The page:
Spokespeople for New York City and State Departments of Transportation directed questions on the topic to the state DMV. DMV spokesman Tim O’Brien said his agency does not monitor the number of cars with out-of-state plates in the city. But he said DMV investigators “work closely with law enforcement to address issues of fraud including with out-of-state plates, whether they are permanent, temporary or in-transit plates.”
It’s illegal to have your car registered elsewhere if you live in New York, but that hasn’t stopped city dwellers for decades from keeping their Michigan, South Carolina, or even Hawaii tags to skirt the state’s high insurance and sales tax rates.
DiAquoi, for his part, said he’d be hard pressed to believe that one-in-five cars in the city is registered elsewhere — roughly the proportion of crashes in the city involving cars with out-of-state plates. If the percentage is smaller, that would suggest drivers with non-New York tags are getting into crashes at a higher rate.
“It would seem odd to me that 17 or 20 percent of cars in the city are registered out of state,” he said. “I’m sure it’s much less and as a consequence they cause a disproportionately higher number of injuries and fatalities.”
What do city leaders think of all this? What do they think should be done? Tough to say. Spokespeople for Council Speaker Corey Johnson and Council Transportation Committee Chairman Ydanis Rodriguez did not respond to requests for comment. As for Mayor de Blasio, spokesman Mitch Schwartz did not answer questions on the topic from Streetsblog but instead referred us to comments the mayor made on NY1 last week:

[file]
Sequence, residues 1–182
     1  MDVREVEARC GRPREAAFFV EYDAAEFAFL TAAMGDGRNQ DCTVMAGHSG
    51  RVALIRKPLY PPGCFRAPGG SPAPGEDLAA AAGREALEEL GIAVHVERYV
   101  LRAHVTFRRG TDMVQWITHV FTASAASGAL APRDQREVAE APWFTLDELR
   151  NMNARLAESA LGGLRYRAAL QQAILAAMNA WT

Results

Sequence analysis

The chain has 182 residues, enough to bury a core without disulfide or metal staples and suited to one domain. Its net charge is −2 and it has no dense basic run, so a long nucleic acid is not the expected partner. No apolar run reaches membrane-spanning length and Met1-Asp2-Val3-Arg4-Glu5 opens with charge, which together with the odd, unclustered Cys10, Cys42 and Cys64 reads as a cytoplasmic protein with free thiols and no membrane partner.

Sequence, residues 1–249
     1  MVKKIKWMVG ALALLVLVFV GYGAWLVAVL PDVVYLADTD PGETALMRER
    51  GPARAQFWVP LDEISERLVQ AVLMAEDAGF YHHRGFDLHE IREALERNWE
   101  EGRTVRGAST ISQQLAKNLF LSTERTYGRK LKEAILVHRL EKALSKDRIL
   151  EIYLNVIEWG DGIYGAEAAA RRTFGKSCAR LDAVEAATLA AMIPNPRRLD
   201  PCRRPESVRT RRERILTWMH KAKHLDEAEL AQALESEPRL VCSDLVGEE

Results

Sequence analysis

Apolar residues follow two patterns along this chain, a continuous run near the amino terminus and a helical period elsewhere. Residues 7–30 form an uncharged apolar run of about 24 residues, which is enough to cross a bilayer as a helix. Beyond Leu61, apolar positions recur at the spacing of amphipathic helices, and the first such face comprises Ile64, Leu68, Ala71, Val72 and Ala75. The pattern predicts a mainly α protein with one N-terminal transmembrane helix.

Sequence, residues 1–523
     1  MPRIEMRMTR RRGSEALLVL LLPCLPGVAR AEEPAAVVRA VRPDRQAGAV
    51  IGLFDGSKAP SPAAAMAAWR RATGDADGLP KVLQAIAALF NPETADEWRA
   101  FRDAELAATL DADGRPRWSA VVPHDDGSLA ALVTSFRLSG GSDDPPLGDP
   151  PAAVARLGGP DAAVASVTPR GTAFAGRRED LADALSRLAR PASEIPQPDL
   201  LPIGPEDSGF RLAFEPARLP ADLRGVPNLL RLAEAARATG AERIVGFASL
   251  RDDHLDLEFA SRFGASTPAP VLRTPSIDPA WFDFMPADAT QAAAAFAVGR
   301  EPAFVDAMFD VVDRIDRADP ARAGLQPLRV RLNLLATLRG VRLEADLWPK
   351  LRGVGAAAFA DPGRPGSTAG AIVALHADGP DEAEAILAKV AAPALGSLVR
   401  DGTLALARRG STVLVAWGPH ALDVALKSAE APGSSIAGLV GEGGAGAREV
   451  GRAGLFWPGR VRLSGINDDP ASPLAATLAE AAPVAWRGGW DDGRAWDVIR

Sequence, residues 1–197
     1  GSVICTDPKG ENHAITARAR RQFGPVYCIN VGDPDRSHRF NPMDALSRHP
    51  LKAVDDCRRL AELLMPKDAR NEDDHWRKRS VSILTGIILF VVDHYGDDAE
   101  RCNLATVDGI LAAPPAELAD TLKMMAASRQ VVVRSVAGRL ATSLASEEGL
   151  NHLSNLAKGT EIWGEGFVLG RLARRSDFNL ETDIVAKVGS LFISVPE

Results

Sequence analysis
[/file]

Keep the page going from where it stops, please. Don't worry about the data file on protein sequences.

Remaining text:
“I would love to see that issue addressed,” de Blasio said of the prevalence of out-of-state-plated cars in the city. “In my neighborhood in Brooklyn, I see an extraordinary number of people with Vermont license plates, and I don’t believe they all live in Vermont.
“We need our partners in other states to help us," he added. "We probably need stronger penalties there, too.”
Schwartz did not respond to a follow-up question about whether the mayor was planning to do anything about the issue.
Streetsblog’s analysis is based on data from two NYPD datasets on crashes that occurred in the city between Jan. 1, 2019, and Sept. 14, 2021. Streetsblog excluded from its analysis vehicles that were identified as something other than a car, truck, bus, motorcycle, moped or other common, engine-powered vehicle. The data included around 3,700 vehicles (out of nearly 800,000) with registration codes that did not correspond to a U.S. state or Washington, D.C. The NYPD did not respond to a question about the places to which those codes correspond, so Streetsblog did not count them among vehicles with out-of-state plates.
Jesse Coburn is Streetsblog's investigative reporter. His reporting has received a Sigma Award, a Casey Feldman Award, and awards from the Silurians Press Club and the Overseas Press Club Foundation. Previously he was a reporter at Newsday and an editor at ARCH+. He’s also written for the New York Times, the Baltimore Sun, Harper’s, Cabinet and other publications. Jesse is is on Twitter at @jesse_coburn. His email address is firstname.lastname@example.org.